RUSAG-L: Current Events #75

Please keep in mind that the following current events information represents information about events in Russian agriculture we received during the past week, while the actual events may have occurred earlier.

The sources for the information below include, but are not limited to, the following: the Open Media Research Center (OMRI), Interfax News, Food and Agriculture Report, the Foreign Broadcast Information Service at the Central Intelligence Agency's Central Eurasia Daily Report (FBIS), Nexis/Lexis through Mead Data Central, Inc., and The Washington Post.

The Russian Agricultural ListServ is sponsored by the University of Maryland College of Agriculture at College Park, the Research and Scientific Exchanges Division, Foreign Agriculture Service/International Cooperation and Development, U.S. Department of Agriculture, and the National Committee on International Science and Education of the Joint Council on Food and Agricultural Sciences.

28 March 1996:
-The Washington Post lists the current exchange rate at R4835 per dollar. (The Washington Post, March 28, 1996)

-ITAR-TASS reported on March 27 that Communist leader Gennadii Zyuganov had denounced President Yeltsin's policies which support the buying and selling of land. Zyuganov said he would not support such policies if he came to power and claimed they would lead to the "killing" of state and collective farms. (OMRI, No. 63, Part I, March 28, 1996)

-IMF President Michel Camdessus warned the Russian government that the recently approved $10.2 billion loan, the second largest in its history, could be suspended if Russia departed from the conditions on which the loan was agreed. The loan was guaranteed in order to help Russia build a market economy. Camdessus said that, while the IMF would not interfere with Russian domestic policies, the organization would not remain indifferent if any future government adopted policies inconsistent with marketization. (Broadcast, March 28, 1996, Monitor, Vol II, No. 62).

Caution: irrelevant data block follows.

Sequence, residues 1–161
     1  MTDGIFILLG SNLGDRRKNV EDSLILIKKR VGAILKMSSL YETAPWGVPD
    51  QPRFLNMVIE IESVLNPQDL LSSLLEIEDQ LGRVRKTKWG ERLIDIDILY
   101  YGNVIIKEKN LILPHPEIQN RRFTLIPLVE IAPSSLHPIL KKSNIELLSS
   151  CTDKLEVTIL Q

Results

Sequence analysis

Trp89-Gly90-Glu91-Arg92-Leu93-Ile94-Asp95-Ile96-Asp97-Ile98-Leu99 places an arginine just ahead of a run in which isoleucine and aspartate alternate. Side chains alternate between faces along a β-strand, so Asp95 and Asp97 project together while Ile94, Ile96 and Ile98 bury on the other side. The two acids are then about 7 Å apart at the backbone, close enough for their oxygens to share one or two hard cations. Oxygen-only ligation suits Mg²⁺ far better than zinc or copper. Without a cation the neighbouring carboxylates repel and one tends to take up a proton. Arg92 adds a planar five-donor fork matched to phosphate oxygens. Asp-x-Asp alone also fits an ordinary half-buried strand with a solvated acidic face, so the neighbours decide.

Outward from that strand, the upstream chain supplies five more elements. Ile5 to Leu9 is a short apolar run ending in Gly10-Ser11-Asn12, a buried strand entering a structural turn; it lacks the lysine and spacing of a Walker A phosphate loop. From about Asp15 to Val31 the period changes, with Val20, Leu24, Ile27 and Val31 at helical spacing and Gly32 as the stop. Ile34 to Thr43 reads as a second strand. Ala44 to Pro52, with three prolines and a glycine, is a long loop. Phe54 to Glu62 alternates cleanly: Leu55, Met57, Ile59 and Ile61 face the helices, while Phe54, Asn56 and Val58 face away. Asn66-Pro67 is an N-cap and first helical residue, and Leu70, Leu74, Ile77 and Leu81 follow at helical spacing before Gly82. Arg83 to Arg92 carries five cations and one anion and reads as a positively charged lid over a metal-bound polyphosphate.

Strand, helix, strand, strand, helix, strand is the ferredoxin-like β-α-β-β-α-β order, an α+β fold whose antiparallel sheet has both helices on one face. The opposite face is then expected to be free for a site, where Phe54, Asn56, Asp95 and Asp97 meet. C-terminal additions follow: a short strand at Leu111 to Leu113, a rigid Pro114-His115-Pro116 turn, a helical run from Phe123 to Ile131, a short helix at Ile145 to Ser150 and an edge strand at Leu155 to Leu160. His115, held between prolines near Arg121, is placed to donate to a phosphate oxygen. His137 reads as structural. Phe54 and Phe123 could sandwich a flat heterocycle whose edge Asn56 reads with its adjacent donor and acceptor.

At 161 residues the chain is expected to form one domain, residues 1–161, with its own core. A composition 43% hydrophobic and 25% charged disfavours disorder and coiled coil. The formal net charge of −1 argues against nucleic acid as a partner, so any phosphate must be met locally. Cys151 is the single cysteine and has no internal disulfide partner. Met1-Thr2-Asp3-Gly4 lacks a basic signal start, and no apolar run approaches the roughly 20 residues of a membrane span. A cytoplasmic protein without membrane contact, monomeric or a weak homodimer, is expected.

27 March 1996:
-Following talks in Washington, D.C., poultry exports to Russia continued. The dispute was reportedly solved when Russian negotiators accepted that U.S. exports were safe, and the U.S. agreed to tighten inspection procedures. The two sides will now hold talks on lowering the customs duties recently imposed by Moscow on U.S. poultry imports. (Broadcast, March 27, 1996, Monitor, Vol II, No. 61).

26 March 1996:
-Russia and Japan failed to agree on conditions for Japan's salmon and trout fishing in Russian territorial waters near the southern Kurile Islands. Russia is also involved in a dispute over fishing quotas in the Atlantic and North Pacific. Russia is challenging the decision by the Northwestern Atlantic to cut its fishing quotas from over 60 percent in 1995 (50-55,000 metric tons) to 24 percent this year. (OMRI, No. 61, Part I, March 26, 1996).

21 March 1996:
-The Russian Duma voted to raise the minimum raise 20 percent to 75,900 rubles a month ($16) as of April 1. The Duma also overrode a Federation Council veto to raise the minimum pension by 20 percent as of March 1. Government officials protested the Duma action, saying it was unaffordable and would only serve to delay pension payments. (OMRI, No. 58, Part I, March 21, 1996).

15-22 March 1996:
-Last week, the Agrarian Party expelled its most visible member, Deputy Prime Minister Alexander Zaveryukha. Zaveryukha had increasingly found himself at odds with the Party platform, so the move was not unexpected. Zaveryukha accused the Party of political extremism, of abandoning the government at its most difficult time. He supported Yeltsin's controversial land decree which allows for the buying and selling of land, a policy bitterly opposed by the Agrarians. Agrarian Party leader, Mikhail Lapshin, plans to actively oppose the government's land policy, which he calls "a devastating blow to agriculture and a direct threat to food security." One Party strategy calls for farmers to converge on Moscow on April 10 to picket the Russian White House and the residence of Prime Minister Viktor Chernomyrdin. (Interfax Food and Agriculture Report, Vol V, Issue 12, March 15-22, 1996, p. 2).

-Deputy Prime Minister Alexander Zaveryukha announced in Smolensk that the government may write off loans made in 1993 and 1994 to farmers at interest rates of 215 percent annually. The principal and interests of those loans now amounts to 18 trillion rubles. The government has already extended repayment to 1998 and then for an additional 10 years. (Interfax Food and Agriculture Report, Vol V, Issue 12, March 15-22, 1996, p.3).

-According to Minister of Fuel and Energy Yuri Shafranik, Prime Minister Viktor Chernomyrdin ordered oil companies to make fuel and lubricants available to farmers against government tax exemption. Farmers will pay for the supplies from next year's harvest. The Ministry of Fuel backs the policy;
oil companies have been lobbying the government for tax exemptions to cover their costs under the scheme. (Interfax Food and Agriculture Report, Vol V, Issue 12, March 15-22, 1996, p. 4)

-The Russian government will import 600,000 tons of raw sugar at a cost of $215 million this year. The project will be financed by domestic commercial banks under guarantees from the Ministry of Finance against the farm budget. On orders from the government, the Ministry of Agriculture and Food will choose financiers and importers to carry out the plan. (Interfax Food and Agriculture Report, Vol V, Issue 12, March 15-22, 1996, p. 9)